I've come across a stats problem while working on my thesis. I ran multiple t-tests on a series of environmental parameters to determine if two groups of data are different (eg, early years vs. late years of data, urbanized vs. non-urbanized habitats). I used Welch's t-test in R to test these hypotheses, but it was later brought to my attention that t-tests should only be performed on normally distributed data (most of my data is not). I included a histogram from my dataset which resembles a lot of my data as example below. I experimented with log-transformations, which helped in some cases but most of my data is still non-normal. Fortunately, I have a large sample size (N = 865) which I understand allows me to relax some of the assumptions surrounding normality.

My question is:

How do I determine if my sample size is large enough to accept non-normal data? I imagine this is likely a case-by-case determination, but I am running around 150 tests in total so I am looking for a solution that I could automate into my code. And if t-tests are not appropriate, what's the next best alternative?


example histogram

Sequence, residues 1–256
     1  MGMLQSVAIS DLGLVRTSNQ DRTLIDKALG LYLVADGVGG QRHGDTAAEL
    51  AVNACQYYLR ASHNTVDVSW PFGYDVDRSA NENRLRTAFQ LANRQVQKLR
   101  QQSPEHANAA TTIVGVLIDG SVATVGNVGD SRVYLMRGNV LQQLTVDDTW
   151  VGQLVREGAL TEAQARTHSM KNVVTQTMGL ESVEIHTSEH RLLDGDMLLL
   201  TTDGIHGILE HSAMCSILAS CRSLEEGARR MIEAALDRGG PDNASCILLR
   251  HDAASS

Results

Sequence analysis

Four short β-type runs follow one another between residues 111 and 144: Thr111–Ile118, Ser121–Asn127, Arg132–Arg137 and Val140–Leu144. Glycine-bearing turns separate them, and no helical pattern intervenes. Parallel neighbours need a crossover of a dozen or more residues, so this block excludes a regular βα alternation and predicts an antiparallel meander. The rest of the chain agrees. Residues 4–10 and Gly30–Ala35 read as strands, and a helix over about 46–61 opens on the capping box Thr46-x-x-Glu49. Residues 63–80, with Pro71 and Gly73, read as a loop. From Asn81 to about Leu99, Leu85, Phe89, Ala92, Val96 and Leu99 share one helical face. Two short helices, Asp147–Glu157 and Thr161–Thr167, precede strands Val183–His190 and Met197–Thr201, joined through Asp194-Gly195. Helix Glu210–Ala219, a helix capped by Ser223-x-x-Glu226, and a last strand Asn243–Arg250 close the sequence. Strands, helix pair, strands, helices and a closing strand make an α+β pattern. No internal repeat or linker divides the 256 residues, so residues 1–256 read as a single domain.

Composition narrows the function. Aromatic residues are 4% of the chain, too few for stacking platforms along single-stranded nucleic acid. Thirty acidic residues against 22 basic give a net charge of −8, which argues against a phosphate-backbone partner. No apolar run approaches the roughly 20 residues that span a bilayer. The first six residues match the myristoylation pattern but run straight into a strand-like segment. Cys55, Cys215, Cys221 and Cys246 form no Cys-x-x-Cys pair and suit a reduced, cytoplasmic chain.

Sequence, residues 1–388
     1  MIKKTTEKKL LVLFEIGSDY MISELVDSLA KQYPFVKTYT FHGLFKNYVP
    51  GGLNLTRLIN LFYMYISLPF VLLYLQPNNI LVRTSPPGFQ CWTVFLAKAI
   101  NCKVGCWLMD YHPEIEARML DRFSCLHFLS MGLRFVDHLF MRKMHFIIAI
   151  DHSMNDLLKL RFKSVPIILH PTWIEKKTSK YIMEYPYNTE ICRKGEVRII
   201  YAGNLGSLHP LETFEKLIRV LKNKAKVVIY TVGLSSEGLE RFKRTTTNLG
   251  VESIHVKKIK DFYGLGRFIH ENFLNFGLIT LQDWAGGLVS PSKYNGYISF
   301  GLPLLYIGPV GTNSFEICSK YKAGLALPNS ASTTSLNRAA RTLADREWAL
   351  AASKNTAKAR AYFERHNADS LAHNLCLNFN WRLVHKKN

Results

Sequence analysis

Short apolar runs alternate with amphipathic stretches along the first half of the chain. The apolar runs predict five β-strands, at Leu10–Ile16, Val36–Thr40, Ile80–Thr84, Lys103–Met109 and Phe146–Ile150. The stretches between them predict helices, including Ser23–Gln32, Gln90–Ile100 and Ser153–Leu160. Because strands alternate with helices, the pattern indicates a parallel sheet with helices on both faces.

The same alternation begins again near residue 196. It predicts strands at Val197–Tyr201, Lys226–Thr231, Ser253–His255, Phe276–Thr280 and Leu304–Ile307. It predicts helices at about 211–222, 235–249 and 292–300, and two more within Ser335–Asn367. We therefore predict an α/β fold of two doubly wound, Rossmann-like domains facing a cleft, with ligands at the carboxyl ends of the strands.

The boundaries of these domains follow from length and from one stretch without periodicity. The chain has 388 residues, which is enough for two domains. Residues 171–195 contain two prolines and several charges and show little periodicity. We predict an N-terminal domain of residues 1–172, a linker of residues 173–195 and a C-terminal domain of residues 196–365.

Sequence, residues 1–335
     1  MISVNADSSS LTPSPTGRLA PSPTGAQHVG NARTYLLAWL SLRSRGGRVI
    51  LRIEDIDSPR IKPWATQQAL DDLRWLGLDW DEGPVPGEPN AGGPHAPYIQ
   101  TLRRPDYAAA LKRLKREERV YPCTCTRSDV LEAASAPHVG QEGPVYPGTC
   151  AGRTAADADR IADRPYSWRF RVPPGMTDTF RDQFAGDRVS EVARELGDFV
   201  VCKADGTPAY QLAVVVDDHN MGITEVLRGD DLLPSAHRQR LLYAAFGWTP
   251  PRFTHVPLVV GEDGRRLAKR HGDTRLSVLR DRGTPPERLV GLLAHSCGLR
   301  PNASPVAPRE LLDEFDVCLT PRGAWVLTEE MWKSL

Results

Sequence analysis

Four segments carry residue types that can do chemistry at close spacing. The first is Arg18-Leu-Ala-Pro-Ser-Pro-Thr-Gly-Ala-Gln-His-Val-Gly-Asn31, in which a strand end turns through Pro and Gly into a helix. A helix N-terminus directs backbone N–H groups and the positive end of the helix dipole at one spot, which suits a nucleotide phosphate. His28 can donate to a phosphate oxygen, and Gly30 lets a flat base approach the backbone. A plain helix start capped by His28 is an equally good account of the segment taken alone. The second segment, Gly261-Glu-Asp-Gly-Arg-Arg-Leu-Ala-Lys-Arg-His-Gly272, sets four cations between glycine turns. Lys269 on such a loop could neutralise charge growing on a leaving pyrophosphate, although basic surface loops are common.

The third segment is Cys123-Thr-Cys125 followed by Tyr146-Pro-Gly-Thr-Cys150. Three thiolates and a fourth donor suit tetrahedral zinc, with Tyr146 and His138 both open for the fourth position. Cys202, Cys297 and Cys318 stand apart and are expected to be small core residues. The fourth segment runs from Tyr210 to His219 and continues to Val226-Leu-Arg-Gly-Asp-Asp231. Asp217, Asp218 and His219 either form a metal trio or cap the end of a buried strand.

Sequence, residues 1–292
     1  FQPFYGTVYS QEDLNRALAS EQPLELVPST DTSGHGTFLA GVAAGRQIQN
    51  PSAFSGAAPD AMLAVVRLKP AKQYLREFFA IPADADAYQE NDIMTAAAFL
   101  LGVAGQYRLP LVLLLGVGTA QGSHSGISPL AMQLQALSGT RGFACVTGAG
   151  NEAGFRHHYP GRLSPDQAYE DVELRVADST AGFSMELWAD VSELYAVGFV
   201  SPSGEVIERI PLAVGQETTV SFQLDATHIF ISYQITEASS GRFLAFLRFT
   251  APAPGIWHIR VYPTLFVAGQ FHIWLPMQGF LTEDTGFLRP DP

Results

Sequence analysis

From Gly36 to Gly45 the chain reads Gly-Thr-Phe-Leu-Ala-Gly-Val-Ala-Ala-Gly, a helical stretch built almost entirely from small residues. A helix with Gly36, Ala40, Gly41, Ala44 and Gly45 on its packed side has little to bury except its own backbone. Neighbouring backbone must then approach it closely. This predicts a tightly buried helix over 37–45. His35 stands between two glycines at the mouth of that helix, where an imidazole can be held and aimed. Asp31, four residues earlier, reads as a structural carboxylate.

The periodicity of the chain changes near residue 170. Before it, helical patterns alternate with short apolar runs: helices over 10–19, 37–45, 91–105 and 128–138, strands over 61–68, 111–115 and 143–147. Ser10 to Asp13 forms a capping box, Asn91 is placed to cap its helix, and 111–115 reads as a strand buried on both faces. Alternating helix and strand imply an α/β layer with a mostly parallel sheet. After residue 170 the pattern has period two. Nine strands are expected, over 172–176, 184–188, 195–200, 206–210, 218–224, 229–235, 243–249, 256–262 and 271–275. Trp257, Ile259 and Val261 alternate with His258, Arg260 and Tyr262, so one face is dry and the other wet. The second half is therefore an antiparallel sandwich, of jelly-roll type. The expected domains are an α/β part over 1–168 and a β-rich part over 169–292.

1 Answer 1


Kohavi et al. [1] proposed a rule of thumb on the number of samples required in experiments on the Web that involves skewness. They suggested (in page 8, section "Rule #7") the minimum number of i.i.d. samples required per group for a good enough (i.e. normal-looking) sample mean is:

$$ 355 \times s^2 , \textrm{where}\, s = \frac{\mathbb{E}\left[(X - \mathbb{E}(X))^3\right]}{(Var(X))^{3/2}}$$ and $X$ is the random variable modelling the sample distribution. There are some nuances that I am not reproducing in this answer but are in the text.

This might sound a relatively large number, but is actually quite easily met in Web experimentation.

Failing that (i.e. meeting the suggested sample size requirements), non-parametric (rank-based) tests, e.g. Mann-Whitney and Kruskal-Wallis, might be viable alternatives depending on your exact hypotheses.

[1] R. Kohavi, A. Deng, R. Longbotham, Y. Xu (2014) Seven Rules of Thumb for Web Site Experimenters. In: KDD'14. New York, NY, USA. https://www.exp-platform.com/Documents/2014%20experimentersRulesOfThumb.pdf


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